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Photos released of assasinated rebel FARC leader

Colombia's government released photos Thursday of Jorge Briceno Suarez (pictured), head of the Revolutionary Forces of Colombia (FARC), after he died in a military raid. The country hailed the attack as a victory over the guerilla organisation.


AFP - A bold Colombian assault on a rebel camp has killed the military leader of the nation's oldest insurgency in what defense officials are calling the "hardest blow ever" against the leftist guerrillas.

Ground troops supported by helicopters and warplanes stormed the fortified camp, killing the feared war commander of the Revolutionary Armed Forces of Colombia (FARC) known as Mono Jojoy, officials said.

The Defense Ministry here late Thursday released the first pictures of the dead leader, sending six images to the media that apparently showed him wrapped in bloody camouflaged material. The man's bruised and swollen face is shown but without the mustache that the rebel famously wore.

Bogota confirmed the death of Jorge Briceno Suarez, 57, in a raid on a rebel stronghold in the Meta department in central Colombia involving up to 800 troops including elite special forces.

President Juan Manuel Santos described the raid as "the hardest blow ever" in the history of the guerrilla movement.

"The symbol of terror in Colombia has fallen," Santos told reporters on the sidelines of the UN General Assembly in New York.

Military officials said the attack was launched Wednesday 1:00 am (0500 GMT), and that soldiers found Briceno's body on Thursday.

Some 20 other rebels were killed in the coordinated military attack, which included jets dropping "smart bombs" on fortified positions.

The military said that 72 warplanes, including 30 helicopters, low-flying Super Tucano attack planes and Israeli-built Kfir jets, were involved in the attack, dubbed "Operation Sodom."

Also killed were three senior rebel leaders, including a member of the FARC directorate, a regional military commander, and the head of the group's urban militias, according to the military.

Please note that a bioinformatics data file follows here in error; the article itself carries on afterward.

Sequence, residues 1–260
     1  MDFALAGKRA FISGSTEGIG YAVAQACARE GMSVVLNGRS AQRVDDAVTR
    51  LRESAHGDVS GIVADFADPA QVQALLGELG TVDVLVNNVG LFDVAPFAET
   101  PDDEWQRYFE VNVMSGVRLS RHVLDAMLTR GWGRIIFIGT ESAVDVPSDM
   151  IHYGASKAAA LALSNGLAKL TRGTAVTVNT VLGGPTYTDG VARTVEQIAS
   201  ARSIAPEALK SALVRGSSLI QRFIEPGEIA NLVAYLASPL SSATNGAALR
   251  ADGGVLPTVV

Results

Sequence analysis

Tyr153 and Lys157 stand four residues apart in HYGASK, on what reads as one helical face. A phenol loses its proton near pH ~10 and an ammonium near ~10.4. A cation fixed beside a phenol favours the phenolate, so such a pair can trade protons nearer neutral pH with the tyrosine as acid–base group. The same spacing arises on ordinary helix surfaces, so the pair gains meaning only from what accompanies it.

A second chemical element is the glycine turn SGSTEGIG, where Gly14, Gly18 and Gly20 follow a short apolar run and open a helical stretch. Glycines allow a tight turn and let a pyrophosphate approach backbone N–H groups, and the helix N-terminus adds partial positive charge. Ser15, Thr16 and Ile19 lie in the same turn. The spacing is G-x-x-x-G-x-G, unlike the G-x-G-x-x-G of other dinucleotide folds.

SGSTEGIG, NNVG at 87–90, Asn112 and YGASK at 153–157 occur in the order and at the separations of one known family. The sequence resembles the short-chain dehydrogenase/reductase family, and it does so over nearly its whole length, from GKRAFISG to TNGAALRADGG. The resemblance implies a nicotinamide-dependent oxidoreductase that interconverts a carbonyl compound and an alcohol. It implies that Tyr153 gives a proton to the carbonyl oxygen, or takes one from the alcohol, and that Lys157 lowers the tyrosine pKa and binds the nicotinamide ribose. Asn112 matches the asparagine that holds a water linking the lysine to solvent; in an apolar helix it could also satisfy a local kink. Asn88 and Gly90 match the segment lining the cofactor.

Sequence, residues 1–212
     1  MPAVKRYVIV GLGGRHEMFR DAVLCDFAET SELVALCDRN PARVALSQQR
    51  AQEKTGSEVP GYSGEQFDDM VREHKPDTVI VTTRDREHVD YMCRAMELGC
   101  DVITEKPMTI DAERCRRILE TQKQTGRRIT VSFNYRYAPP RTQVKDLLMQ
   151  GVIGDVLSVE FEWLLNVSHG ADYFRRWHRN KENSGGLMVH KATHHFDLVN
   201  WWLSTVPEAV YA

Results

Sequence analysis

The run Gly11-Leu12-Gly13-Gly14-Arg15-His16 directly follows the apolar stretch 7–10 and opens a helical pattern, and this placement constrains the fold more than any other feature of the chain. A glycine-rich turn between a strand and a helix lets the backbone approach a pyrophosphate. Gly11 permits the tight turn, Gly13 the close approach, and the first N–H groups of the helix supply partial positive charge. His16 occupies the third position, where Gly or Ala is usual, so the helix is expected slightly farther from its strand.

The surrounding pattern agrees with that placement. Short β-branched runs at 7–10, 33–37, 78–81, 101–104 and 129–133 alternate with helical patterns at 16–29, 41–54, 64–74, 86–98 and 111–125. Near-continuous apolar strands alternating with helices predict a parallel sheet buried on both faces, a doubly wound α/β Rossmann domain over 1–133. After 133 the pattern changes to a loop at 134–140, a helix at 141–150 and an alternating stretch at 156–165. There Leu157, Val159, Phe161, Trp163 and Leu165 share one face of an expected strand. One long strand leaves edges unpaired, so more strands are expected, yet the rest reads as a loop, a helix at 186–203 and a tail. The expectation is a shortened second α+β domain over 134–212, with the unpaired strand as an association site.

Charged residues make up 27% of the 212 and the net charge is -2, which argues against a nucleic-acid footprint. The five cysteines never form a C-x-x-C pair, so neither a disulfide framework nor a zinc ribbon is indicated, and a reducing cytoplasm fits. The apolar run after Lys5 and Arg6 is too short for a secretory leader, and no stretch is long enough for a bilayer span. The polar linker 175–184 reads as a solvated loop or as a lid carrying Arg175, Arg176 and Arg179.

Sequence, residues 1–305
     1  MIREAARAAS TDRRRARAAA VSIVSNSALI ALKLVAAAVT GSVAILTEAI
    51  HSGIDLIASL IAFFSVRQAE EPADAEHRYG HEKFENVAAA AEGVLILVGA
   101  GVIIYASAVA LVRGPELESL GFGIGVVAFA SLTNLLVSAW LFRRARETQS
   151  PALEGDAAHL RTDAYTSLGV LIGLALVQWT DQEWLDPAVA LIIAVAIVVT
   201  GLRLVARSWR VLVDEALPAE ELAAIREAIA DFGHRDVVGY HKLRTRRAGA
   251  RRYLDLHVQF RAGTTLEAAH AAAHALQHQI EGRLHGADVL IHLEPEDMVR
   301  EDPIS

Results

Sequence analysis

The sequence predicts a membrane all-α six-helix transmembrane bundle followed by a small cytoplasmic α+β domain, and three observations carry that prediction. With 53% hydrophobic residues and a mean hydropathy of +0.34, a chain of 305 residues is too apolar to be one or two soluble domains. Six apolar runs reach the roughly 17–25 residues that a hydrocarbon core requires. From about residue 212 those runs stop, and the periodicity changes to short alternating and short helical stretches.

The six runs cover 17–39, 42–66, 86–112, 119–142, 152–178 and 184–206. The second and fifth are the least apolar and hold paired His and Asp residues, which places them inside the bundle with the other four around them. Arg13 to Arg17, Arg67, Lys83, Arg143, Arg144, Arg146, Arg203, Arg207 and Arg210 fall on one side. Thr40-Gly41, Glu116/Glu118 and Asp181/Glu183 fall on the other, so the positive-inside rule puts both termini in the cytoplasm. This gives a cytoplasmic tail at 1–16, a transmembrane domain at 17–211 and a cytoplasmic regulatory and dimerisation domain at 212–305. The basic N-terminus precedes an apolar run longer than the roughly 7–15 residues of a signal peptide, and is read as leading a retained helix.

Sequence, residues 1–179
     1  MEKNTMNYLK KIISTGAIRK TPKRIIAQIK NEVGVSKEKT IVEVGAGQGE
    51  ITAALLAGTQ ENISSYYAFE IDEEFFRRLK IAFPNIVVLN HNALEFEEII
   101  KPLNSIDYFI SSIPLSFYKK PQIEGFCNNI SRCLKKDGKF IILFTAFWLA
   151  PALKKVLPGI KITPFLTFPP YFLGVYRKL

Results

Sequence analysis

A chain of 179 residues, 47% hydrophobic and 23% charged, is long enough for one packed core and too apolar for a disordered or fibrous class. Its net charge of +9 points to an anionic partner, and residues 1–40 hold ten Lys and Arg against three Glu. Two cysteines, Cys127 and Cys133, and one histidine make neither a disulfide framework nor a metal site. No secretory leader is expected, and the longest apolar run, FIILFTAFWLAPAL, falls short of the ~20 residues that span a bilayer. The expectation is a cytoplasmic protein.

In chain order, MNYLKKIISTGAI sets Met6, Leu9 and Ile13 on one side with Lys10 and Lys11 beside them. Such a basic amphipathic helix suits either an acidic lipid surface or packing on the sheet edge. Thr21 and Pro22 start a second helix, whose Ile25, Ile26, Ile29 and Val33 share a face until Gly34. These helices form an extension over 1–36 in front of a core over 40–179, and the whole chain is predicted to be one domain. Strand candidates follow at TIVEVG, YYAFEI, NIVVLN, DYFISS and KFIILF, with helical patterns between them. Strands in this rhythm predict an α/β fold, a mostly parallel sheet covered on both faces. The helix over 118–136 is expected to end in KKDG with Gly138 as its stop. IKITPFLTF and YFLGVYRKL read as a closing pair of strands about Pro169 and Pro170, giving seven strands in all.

The information the military obtained "was so precise that practically it was as if we had obtained a household address," a military source told AFP.

"This was the mother of the FARC camps, the heart," Defense Minister Rodrigo Rivera told reporters.

Rivera then called on FARC leader Alfonso Cano to surrender. "We guarantee you will live and receive just treatment under the law," he said

Rivera denied reports that there were hostages in the camp during the raid. He added that forces found "some small notes, but it would not be prudent or smart to reveal their contents."

The attack is a serious blow to the 46 year-old leftist insurgency, which has suffered the death of several top leaders since March 2008, when troops killed FARC's second-in-command Raul Reyes.

Officials in Washington described Briceno as a key player directing the FARC's drug-trafficking operations, including the production and distribution of hundreds of tonnes of cocaine around the world.

The United States had offered a reward of up to five million dollars for information leading to Briceno's arrest or conviction.

"This is an important victory for Colombia," said Mike Hammer, national security spokesman for US President Barack Obama.

Briceno, also known as Victor Julio Suarez Rojas, is believed to have been involved in the kidnapping of three US hostages who spent years in captivity in the Colombian jungle.

The trio was freed in July 2008, at the same time that kidnapped former Colombian presidential candidate Ingrid Betancourt was released.

Researcher Ariel Avila, who is studying the guerrilla conflict, said the loss of Briceno was "devastating" to the FARC.

"He was a myth, he was the lord" of the guerrillas, Avila told AFP, adding that he believed this would lead to disintegration or demobilization of some units.

Briceno, nicknamed Mono -- Colombian slang for blonde -- for his light-colored hair, was the son of farmers who joined the FARC in 1975. He had 62 warrants for his arrest.

Colombia's rebel groups, including the FARC, stepped up their attacks in the weeks following the August 7 inauguration of Santos, who had promised to keep pressure on the insurgents.

Santos vowed to "redouble" the military's offensive against the guerrillas after 40 police and military officers were killed earlier this month.

The Colombian president had rejected a FARC offer of peace talks, calling on them to first free dozens of hostages and stop recruiting minors.

Santos, asked if the operation was supported by the United States, which has access rights to seven Colombian military bases under a controversial bilateral agreement, said it was "100 percent Colombian."

The FARC is the oldest and largest leftist group in Colombia with an estimated 8,000 combatants. Another leftist guerrilla group, the National Liberation Army, has some 2,500 fighters.

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